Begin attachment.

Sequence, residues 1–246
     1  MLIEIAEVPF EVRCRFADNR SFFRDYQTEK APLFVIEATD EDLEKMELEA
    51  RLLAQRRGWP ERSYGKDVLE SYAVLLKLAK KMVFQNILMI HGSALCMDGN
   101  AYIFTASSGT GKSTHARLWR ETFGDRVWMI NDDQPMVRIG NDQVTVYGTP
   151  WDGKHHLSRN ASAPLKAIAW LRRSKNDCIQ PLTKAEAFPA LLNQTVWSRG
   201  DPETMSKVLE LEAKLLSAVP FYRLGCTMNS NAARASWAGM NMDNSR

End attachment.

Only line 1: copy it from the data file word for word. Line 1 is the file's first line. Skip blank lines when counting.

Sequence, residues 1–246